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    Hello From Sydney, Australia!

    Hello Everyone, I'm new to this forum. I thought I'd share with you all the charming little organ that I get to play at my college in Sydney, Australia:

    Information about the Campion College Chapel Organ

    It is an English-made Organ of 1875. It was given to my college, and is now regularly played by our Schola Director and myself. I've got several years of Piano under my belt and some previous experience on a 2-manual Italian organ at my old Parish Church. I'm hoping to get around to learning pedal technique, though with the straight-pedals instead of the fanned-out pedal board usual to most church organs, I may take time getting used to it all.

    Martin Hartley
    Choral Scholar at St Patrick's Cathedral, Parramatta, Australia
    Student at Campion College, Australia
    Assistant Organist at St Margaret Mary's Catholic Church, Merrylands, Australia

    The Novice Organist: http://noviceorganist.blogspot.com.au

    #2
    http://sydneyorgan.com/SmithfieldCath.html

    Oh, and here's a link with information about the Italian Organ I sometimes get to play (though, I have not played for any liturgical event at that church for some years now). I sometimes wish that the great had a 16' stop on it somewhere, as I want more bass, but I think that's just because of my love for a strong bass!
    Martin Hartley
    Choral Scholar at St Patrick's Cathedral, Parramatta, Australia
    Student at Campion College, Australia
    Assistant Organist at St Margaret Mary's Catholic Church, Merrylands, Australia

    The Novice Organist: http://noviceorganist.blogspot.com.au

    Comment


      #3
      A nice organ. There are many similar instruments in English churches. The Keraulophon was a typical walker stop of that period. We had one on an organ I played (it was later changed for a 4' stopped flute). We called it the 'Bagpipes'

      Nigel

      Comment


        #4
        It has an interesting split stop. The bottom octave of the 4.5-octave manual has it's own stopped diapason, and the wald-flute is actually a continuation of that stop for the top 3.5 octaves. The Keraulophon is for the top 3.5 octaves as well, whilst the 4' stop is for the whole compass. The pedal board is permanently coupled to the manual. So it has 4 stops but in reality is a 3-stop organ, hence the 1/3 description even though you see 4 knobs in the photos.

        I would like it to also have a 2' stop and maybe a sub-octave arrangement to imitate having a 16' stop, but then it wouldn't be such a charming little instrument, and perhaps it would overpower the tiny chapel that it is in. If you saw just how small the doorway was to our chapel, you'd see why I'm stumped as to how they ever moved it into there in the first place.
        Last edited by hartleymartin; 06-24-2011, 08:48 AM.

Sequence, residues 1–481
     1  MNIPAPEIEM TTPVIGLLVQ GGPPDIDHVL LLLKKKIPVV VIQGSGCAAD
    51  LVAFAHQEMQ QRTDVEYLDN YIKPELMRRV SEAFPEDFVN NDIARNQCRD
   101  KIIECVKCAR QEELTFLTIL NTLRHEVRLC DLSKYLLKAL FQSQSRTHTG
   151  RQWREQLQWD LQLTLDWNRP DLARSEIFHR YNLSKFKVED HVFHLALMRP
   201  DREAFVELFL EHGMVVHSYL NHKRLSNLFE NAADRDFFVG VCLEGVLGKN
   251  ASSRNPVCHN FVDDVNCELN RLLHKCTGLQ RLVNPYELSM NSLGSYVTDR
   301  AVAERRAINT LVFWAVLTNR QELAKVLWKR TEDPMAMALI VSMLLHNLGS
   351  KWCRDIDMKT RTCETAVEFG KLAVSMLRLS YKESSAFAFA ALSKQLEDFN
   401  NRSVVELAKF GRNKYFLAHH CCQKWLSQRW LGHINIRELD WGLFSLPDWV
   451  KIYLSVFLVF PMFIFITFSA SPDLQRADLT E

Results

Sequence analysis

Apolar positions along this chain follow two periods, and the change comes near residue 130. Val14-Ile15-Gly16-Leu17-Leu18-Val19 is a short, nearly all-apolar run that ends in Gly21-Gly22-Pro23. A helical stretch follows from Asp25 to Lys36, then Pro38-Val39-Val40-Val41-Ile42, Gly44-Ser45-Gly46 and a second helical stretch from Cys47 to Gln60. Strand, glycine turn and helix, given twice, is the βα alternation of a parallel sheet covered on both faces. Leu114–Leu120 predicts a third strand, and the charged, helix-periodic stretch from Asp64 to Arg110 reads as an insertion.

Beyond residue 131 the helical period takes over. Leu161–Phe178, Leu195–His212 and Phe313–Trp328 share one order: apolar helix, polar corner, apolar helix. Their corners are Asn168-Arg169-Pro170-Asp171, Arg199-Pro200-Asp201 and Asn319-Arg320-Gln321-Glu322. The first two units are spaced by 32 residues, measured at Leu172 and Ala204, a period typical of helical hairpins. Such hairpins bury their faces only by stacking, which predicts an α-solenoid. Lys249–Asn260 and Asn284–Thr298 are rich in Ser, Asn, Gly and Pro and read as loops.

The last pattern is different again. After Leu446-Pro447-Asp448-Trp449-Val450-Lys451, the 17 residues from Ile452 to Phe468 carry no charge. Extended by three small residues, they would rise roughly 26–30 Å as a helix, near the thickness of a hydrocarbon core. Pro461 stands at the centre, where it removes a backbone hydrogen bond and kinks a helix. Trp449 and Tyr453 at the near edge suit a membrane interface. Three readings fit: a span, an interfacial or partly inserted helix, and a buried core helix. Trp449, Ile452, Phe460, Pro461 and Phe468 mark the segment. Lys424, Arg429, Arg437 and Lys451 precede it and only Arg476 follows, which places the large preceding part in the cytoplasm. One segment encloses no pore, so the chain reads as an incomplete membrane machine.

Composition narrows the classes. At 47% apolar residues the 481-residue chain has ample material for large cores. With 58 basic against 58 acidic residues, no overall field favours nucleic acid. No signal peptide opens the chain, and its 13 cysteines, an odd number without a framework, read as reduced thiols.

Martin Hartley
        Choral Scholar at St Patrick's Cathedral, Parramatta, Australia
        Student at Campion College, Australia
        Assistant Organist at St Margaret Mary's Catholic Church, Merrylands, Australia

        The Novice Organist: http://noviceorganist.blogspot.com.au

        Comment


          #5
          It would have come in in many pieces - the biggest being the windchest and the bellows - and assembled in situ. The common bass (ie bottom octave) is a normal arrangement, even in bigger organs. It saves space. To add a 2' stop might be difficult. Unless there is room for a clamp on the soundboard (ie an extension) you would have to 'lose' another stop - and both only extend down to tenor C (sharing a bass octave). This causes a problem about where to put the bottom octave of the 2' stop. A 2' stop would need to be gently so as not to overpower the rest of the organ. A pedal 16' would obviously take up a lot of space any would involve another soundboard with it's associated mechanism. It might also require a bigger blower. It's probably better to retain this organ as a ood example of an English Victorian organ and to look elsewhere for a bigger instrument to explore more of the repertoire. This lovely little organ will suit much 18th. century music for manuals and be adequate for accompaniment of the Anglican/Episcopalian liturgy. I regularly play several similar organs, and my friend, a concert organist, has played very satisfactory recitals on an organ similar to yours. Enjoy it!

          Nigel

          Comment


            #6
            Nigel,

            I agree, it is a good little organ as it is. I suppose I'm always going to want to be on something with 3-manuals and about 30-something stops (and a 32' stop on the pedalboard) before I am entirely satisfied. And the chapel we've got is only for about 80 people, of which about 20 make up the Schola.

            Two instruments I would love an opportunity to play would be these:

            F.H. Baker of 1882 - 2/20


            Bevington of 1879 - 2/16


            We do have some lovely organs here around Sydney!
            Martin Hartley
            Choral Scholar at St Patrick's Cathedral, Parramatta, Australia
            Student at Campion College, Australia
            Assistant Organist at St Margaret Mary's Catholic Church, Merrylands, Australia

            The Novice Organist: http://noviceorganist.blogspot.com.au

            Comment


              #7
              They both look like good organs. I played a one-manual Bevington in a local church for many years. It was an absolute gem. All of the pipework (except for the pedal Bourdon) was enclosed, and it even had a two-rank mixture. It was perfect for service work and I preferred it to the much bigger two-manual in the next parish which I also played.

              Unfortunately, the organ scene locally is not looking bright. The churches don't have any money, so either maintenance is being neglected or, in many cases, organs are being replaced with electronics. Even worse, far too many anglican churches are going happy-clappy and the organ is being replaced with a 'dance band'. In the majority of parish churches, the standard of music is lamentable and decent choirs are rare outside the cathedrals. At least, I suppose, things can only improve.